• When it comes to feeding my dogs, I don't count calories.  Instead, I measure their food on a digital scale, and I periodically conduct a rib check using the Body Conditioning Score.  I then adjust accordingly.

 

Body Condition Scoring - Pet Obesity Prevention

Source: PetObesityPrevention.org

 

Drink Plenty of Water

Be sure your pet has plenty of fresh, clean water. Water is important to every key body function for pets, such as aiding the digestion and absorption of the nutrients provided in pet food, moving nutrients in and out of cells, cushioning joints and internal organs, and helping with elimination. Dehydration, which occurs when your pet does not consume sufficient water, poses a serious threat to a pet’s health.

  • One bonus of raw feeding is that our dogs get plenty of moisture in their diet.  Kibble is dehydrating and needs to be soaked in water or bone broth (recommended) to make it easier to digest.  Raw is species appropriate, easy for dogs to digest and absorb nutrients, and it has loads of moisture.  Our dogs are never dehydrated, and I don't have any concern about urinary tract infections caused by a harsh kibble diet.

 

Stay Up-to-Date on Preventative Care

Regular veterinary exams and flea, tick and heartworm prevention are all important parts of keeping pets healthy year-round. Your veterinarian is the best source of information about your pet’s health, and visiting the vet is a key component of good preventive care. The veterinarian can help advise on your pet’s weight management, diet and exercise routine.

  • Annual (or twice annually) wellness exams are important, especially when you're 100% responsible for your dog's diet and nutrition. Our dogs' annual exams include blood work, review of their history, and a physical exam and possible follow-up.  This allows me to adjust their diet to meet their needs (my vet is pro-raw and very experienced in dog nutrition).  Learn more about wellness exams for dogs.

 

Get Active

Like humans, exercise is an important in ensuring your pet’s health and well-being. Having a pet can help your family fit, too—studies show children from dog owning households are more physically active.

  • One bonus to feeding a raw food diet is the energy boost our dogs get from the protein and other fresh, healthy ingredients.  Raw feeding helps dogs build lean muscle while reducing excess fat.  Raw food gives their metabolism the boost it needs to keep them active and trim.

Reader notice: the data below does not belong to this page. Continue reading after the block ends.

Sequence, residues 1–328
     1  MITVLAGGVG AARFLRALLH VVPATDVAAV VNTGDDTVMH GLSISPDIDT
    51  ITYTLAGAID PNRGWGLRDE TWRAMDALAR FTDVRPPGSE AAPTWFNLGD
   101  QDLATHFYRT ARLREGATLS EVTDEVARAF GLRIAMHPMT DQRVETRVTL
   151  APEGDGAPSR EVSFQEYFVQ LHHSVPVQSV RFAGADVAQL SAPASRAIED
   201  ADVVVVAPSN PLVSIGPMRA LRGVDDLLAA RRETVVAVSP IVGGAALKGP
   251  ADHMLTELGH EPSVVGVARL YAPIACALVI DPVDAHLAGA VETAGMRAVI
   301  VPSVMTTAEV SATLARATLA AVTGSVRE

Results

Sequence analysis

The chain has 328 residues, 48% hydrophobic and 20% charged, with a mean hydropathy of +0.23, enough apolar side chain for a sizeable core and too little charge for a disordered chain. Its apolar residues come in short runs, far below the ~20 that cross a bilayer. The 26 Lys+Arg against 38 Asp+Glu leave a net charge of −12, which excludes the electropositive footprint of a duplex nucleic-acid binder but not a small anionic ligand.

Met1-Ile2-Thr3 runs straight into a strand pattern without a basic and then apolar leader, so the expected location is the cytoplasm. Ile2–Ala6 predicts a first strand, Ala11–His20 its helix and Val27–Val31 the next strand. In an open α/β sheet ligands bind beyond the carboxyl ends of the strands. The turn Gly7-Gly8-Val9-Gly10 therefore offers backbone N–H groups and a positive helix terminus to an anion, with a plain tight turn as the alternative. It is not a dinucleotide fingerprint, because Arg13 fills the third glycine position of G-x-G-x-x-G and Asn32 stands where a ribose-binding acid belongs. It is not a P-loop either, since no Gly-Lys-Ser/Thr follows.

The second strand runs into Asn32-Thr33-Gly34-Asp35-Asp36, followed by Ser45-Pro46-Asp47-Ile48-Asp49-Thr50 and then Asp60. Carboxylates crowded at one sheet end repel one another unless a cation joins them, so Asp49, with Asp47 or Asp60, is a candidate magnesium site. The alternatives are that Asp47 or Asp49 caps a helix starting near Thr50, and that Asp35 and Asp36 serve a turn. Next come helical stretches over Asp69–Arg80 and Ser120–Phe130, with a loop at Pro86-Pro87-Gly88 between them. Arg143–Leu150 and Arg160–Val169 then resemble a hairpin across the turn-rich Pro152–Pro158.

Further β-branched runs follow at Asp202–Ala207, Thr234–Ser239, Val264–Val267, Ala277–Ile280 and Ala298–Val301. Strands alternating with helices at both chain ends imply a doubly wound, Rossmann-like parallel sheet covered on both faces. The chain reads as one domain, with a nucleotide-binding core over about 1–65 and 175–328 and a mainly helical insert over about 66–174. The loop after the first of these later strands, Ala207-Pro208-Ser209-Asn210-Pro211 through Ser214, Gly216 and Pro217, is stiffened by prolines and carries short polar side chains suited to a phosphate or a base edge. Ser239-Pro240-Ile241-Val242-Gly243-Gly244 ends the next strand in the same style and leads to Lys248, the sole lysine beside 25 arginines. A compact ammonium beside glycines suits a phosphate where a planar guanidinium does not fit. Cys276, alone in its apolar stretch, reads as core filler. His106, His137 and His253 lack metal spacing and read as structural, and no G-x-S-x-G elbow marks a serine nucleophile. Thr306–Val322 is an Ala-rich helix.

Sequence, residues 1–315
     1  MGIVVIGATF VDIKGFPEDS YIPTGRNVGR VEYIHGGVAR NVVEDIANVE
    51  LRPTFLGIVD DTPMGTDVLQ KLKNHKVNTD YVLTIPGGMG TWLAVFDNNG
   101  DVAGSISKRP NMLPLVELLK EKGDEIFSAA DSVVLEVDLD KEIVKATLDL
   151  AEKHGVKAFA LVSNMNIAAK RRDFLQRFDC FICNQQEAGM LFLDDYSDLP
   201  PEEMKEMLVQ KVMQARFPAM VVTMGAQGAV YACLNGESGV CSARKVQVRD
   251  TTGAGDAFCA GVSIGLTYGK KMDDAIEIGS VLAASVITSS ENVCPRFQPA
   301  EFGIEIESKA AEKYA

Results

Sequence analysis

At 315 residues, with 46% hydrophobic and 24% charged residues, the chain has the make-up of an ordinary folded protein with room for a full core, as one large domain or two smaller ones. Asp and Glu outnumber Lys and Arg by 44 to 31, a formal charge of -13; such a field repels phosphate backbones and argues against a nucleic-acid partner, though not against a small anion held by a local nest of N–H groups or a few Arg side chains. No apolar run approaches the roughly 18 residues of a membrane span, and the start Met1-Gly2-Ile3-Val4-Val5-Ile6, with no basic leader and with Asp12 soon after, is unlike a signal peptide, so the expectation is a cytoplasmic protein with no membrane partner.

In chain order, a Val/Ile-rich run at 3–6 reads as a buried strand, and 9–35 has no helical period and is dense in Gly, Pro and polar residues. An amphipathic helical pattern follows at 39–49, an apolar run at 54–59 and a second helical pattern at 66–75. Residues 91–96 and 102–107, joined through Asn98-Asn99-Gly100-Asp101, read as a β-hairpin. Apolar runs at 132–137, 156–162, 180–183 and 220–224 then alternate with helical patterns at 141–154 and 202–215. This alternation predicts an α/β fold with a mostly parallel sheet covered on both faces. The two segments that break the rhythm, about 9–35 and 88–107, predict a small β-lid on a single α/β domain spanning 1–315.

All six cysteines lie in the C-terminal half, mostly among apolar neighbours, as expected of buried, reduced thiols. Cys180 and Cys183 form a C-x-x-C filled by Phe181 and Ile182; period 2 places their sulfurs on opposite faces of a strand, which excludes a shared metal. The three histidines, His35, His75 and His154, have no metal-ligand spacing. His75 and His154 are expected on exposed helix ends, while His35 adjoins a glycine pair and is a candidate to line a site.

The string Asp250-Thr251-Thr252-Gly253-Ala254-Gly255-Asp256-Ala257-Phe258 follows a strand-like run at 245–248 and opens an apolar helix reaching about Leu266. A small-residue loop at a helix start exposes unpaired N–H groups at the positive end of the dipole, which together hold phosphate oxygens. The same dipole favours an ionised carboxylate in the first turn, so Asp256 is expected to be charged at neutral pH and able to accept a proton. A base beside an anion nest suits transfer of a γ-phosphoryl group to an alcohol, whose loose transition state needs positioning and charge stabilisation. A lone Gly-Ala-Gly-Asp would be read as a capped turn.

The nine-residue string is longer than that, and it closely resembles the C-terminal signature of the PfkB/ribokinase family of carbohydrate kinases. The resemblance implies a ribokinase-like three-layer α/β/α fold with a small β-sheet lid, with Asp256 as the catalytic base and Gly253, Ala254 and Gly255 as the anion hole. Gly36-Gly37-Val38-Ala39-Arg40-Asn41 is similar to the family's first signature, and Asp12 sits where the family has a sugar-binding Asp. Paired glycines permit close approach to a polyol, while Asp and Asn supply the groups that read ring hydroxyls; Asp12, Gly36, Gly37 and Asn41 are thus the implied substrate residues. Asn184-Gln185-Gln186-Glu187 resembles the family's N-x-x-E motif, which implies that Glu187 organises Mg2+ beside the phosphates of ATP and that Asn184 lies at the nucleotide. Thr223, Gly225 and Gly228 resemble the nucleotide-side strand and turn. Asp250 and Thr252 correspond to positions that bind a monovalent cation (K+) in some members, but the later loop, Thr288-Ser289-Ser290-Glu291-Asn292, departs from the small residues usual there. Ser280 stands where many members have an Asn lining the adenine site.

Here's Another Tip – Feed Your Dog Fresh Food

There is a growing number of people in the holistic veterinarian community who are warning us about feeding a diet of kibble to our pets.  It compromises the immune system, it can lead to urinary tract issues, it can lead to obesity, and it's being tied to cancer.

 

 

 

My Questions for the Brands of PFI

At the end of the email I received, I was invited to speak with a representative of PFI about their tips to help us raise healthier pets. I sent the following questions…

I would love to speak with someone at PFI about keeping pets healthy in 2017. Below are my questions:

1) What are these brands doing to meet the growing demand for better quality pet food and fresh ingredients in pet food?

2) What are these brands doing to bridge the divide with raw feeders and people who home cook their food? Many of the members of PFI have made a point of publishing inaccurate information to discredit holistic veterinarians and raw feeders.

3) How do these brands respond to accusations that representatives from their companies have actively harassed people who don't believe that they make a quality or safe product for dogs and cats? Specifically Susan Thixton of Truth About Pet Food and dog nutrition blogger Rodney Habib.

4) How do brands that make prescription diets that vary little from their normal diets justify the high price markup of the prescription food?

5) How can these brands promote healthier diets while also promoting corn, sugar, food coloring, questionable sourcing, and synthetic vitamins?

Do you think they'll respond?  Well, yes; sort of.  They did respond and offered me an interview which they never followed through on so, ultimately, I didn't get a response.

Am I surprised?

Nope.

Learn How to Make Better Choices for Your Pet